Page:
Ute Carbone, a writer who discovered us on Twitter, submitted this rich post about a method of writing.
The first step in writing is getting it all down. This can be hard.
Words can be elusive; you see them glimmer in your peripheral vision. When you turn to stare they disappear.
That wonderful turn of phrase that was just right there, right in front of you, is gone. How do you capture those capricious words?
I use a method of first draft writing called timed writing. It’s been called by other names, most notably ‘practice writing’, which is the term Natalie Goldberg uses in her book Writing down the Bones. In broader terms, it’s part of ‘pantsing’ or flying by the seat of your pants. It’s not for everyone, but it’s worked wonders for me. I’ve written the drafts of novels this way. At any rate, it can be a terrific way to break through writer’s block and get those elusive words recorded onto the page.
To start, you need a pen, a notebook and a timer.
If you don’t have a timer handy, you can use a wristwatch or a clock that you can see from your writing space. Set the timer. Ten minutes is a good amount of time if you’re new to writing or if you haven’t written in a while. If you’re a more practiced writer, you can go for a longer period, twenty minutes, an hour if time allows.
I use pen and paper to write all my first drafts. I wrote the first draft of this blog that way. Currently, I’m using a journal with green pages and a harlequin cover. I like to change up journals, when I’ve finished one I move on to a different one. My last one was tall and skinny, with words like Monet and Impressions written all over the cover. I use an ink-jet pen because it’s light weight and it lets me write fast, though too fast can mean that I won’t be able to read my handwriting later, so I try to be careful.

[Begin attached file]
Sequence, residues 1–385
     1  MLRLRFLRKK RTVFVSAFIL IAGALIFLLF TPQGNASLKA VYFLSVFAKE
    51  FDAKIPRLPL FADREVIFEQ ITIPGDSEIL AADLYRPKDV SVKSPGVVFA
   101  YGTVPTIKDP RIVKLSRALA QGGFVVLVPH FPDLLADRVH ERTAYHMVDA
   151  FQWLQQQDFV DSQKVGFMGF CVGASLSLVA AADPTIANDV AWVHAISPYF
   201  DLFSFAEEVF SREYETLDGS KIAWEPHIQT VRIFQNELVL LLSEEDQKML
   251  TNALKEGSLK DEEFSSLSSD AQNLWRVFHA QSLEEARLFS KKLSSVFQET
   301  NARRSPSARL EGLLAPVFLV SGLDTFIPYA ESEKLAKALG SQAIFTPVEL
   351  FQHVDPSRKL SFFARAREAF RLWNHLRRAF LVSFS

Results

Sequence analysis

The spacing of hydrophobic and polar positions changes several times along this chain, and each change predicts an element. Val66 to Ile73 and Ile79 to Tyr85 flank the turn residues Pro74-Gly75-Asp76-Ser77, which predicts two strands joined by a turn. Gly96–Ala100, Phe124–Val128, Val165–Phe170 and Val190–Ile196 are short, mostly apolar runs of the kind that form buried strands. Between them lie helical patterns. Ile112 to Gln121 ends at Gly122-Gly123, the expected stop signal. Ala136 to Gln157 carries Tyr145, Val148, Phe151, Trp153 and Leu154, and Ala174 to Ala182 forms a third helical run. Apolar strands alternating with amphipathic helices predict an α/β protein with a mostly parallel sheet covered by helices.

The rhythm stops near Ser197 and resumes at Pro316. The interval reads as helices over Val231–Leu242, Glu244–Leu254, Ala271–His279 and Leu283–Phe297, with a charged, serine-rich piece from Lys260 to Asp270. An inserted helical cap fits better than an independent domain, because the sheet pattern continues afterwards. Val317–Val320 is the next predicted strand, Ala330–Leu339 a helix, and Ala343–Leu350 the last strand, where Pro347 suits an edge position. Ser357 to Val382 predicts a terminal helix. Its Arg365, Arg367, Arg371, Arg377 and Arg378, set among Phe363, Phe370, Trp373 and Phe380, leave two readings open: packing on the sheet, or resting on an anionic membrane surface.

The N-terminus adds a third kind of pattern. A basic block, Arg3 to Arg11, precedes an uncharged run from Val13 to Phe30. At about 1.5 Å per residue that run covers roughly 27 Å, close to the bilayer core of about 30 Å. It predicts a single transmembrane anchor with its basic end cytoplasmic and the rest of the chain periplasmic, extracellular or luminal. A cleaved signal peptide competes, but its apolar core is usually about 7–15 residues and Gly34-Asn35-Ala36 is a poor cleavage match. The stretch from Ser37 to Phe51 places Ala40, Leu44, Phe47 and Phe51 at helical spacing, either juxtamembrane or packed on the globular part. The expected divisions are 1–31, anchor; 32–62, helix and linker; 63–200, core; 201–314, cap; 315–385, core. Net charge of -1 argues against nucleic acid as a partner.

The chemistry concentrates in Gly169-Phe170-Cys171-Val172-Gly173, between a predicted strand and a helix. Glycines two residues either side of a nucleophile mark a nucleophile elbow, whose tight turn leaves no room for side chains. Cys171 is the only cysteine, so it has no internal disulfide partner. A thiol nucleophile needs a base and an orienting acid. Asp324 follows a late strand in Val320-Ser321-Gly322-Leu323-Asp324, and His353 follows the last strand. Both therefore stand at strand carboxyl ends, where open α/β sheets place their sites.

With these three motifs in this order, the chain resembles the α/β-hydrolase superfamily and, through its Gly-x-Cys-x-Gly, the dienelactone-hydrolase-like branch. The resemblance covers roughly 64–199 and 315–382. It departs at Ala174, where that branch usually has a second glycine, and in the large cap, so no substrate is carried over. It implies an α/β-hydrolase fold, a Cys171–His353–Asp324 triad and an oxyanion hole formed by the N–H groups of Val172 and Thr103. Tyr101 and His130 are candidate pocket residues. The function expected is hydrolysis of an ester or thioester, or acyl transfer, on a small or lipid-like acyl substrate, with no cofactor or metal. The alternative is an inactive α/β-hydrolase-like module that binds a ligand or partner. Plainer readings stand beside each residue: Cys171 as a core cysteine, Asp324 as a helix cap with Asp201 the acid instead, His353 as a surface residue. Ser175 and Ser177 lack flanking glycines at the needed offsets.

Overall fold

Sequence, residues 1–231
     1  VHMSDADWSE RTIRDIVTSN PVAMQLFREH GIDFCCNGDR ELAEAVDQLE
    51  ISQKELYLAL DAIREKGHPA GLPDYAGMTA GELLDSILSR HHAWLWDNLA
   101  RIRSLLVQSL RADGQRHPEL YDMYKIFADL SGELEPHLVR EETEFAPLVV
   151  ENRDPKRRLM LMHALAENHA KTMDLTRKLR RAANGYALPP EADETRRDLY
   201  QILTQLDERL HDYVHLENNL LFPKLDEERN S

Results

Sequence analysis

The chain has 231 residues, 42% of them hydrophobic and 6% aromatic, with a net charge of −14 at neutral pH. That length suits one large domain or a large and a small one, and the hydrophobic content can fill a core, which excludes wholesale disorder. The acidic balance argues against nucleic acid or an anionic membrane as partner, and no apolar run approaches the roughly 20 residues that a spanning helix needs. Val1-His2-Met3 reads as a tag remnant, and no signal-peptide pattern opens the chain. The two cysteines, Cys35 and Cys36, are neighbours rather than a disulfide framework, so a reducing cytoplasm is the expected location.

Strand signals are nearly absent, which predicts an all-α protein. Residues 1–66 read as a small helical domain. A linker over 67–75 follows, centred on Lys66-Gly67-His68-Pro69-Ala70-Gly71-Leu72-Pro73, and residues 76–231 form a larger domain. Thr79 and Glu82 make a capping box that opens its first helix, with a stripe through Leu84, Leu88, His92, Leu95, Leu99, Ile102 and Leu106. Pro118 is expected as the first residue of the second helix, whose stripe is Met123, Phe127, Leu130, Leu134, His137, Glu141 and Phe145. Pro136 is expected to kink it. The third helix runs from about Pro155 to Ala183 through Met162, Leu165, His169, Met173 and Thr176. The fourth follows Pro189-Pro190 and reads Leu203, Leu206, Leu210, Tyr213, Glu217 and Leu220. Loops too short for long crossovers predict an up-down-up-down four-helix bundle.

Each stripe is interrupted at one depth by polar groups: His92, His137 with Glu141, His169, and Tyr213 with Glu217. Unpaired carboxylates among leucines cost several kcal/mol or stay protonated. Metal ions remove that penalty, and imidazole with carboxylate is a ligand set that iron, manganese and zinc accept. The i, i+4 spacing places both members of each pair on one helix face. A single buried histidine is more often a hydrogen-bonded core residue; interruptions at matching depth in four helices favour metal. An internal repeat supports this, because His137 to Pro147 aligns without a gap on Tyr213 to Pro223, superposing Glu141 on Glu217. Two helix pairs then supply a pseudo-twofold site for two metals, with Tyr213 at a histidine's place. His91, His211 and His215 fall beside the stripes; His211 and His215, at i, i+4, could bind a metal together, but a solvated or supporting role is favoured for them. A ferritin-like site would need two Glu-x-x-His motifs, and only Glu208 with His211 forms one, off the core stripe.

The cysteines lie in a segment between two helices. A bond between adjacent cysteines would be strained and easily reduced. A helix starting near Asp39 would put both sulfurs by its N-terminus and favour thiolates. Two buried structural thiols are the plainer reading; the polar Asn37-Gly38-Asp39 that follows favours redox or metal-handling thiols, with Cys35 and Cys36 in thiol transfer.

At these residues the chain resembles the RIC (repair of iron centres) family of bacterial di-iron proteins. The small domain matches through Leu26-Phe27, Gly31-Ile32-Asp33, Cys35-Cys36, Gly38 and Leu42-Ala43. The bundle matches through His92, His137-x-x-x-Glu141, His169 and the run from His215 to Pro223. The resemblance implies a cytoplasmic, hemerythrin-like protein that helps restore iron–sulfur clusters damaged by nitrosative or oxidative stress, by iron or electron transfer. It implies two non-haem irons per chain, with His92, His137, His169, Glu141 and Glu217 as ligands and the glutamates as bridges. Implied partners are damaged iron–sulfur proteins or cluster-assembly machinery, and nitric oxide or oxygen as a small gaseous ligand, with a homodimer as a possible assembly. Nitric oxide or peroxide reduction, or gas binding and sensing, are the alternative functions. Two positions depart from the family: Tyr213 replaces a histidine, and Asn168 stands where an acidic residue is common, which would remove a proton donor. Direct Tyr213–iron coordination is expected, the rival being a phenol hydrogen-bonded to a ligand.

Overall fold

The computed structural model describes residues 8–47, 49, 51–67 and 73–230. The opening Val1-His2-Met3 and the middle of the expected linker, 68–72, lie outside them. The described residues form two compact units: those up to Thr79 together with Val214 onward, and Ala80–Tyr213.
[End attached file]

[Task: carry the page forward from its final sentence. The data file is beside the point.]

I find that there’s something freeing in the physical act of writing. I prefer pen and paper because it allows me to play more, to not worry quite so much about how the words look when I’ve first shaken them awake and out of a dream.
Lots of writers open a blank document and begin typing away. I’ve known a few writers who take pen and paper to the other extreme- they use markers and Big Chief writing pads. You might want to experiment, different pens, lined or unlined paper, a new font on your computer screen. Whatever works for you.
Set the timer and begin to write. Keep the pen moving on the page. Don’t stop. Don’t re-read. Don’t look back. Keep writing. Write as fast as you dare. Outrun your inner editor.
I call mine Zelda, she’s got a long nose and she likes to chew up red pens. She does a lot of tisk-tisking whilst reading over my left shoulder. Once I have a draft written, I let Zelda have a go at it. She gleefully points out dumb mistakes and clunky sentences. She’s invaluable for re-write but I try not to let her catch up to me when I’m first-drafting because she scares off metaphors and makes lovely sentences go and hide under the bed.
Don’t worry about tense changes, grammatical errors, or misspelled words. I just heard Zelda tisk-tisk. Let me rephrase. Don’t worry about tense changes, grammatical errors or misspelled words for now. These are things you can and should fix later. But for now, just keep the pen, or your typing fingers, moving.
Sometimes you get stuck. I’ve heard runners talk about hitting the wall.
When runners hit the wall, they keep running until they get a second wind. Writers need to do the same. If you get really stuck, you can write “I don’t know what to write” You can keep writing “I don’t know what to write” for the entire writing period. I doubt that you will. “I don’t know what to write” gets tedious after three or four repetitions. Consider that re-writing the same sentence a hundred times over is a time-tested method of punishing wayward fifth graders. I can almost guarantee that after three or four repetitions, your brain will devise some better use of time.
When time is up, stop writing. If you’re on a roll and time allows, ignore the timer and keep going.
After you’ve finished, take what you’ve written and stash it away for awhile. Go walk the dog and fold the laundry. If you can, leave it be for a few days or a week. Then take it out and read it through. Now is the time to let Zelda have a look. Allow her to use the red pen to correct the missteps and misspellings. Remind her to be gentle. If you have some brilliant turns of phrase, underline them and don’t let Zelda touch them. If she insists, store them away for use later.
Now you’re ready for the next part. Get the timer. Get your pen. Begin again.
Have you tried this method for writing? What works for you?
Thank you for leaving a comment for Ute and the other readers.
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Category: On Writing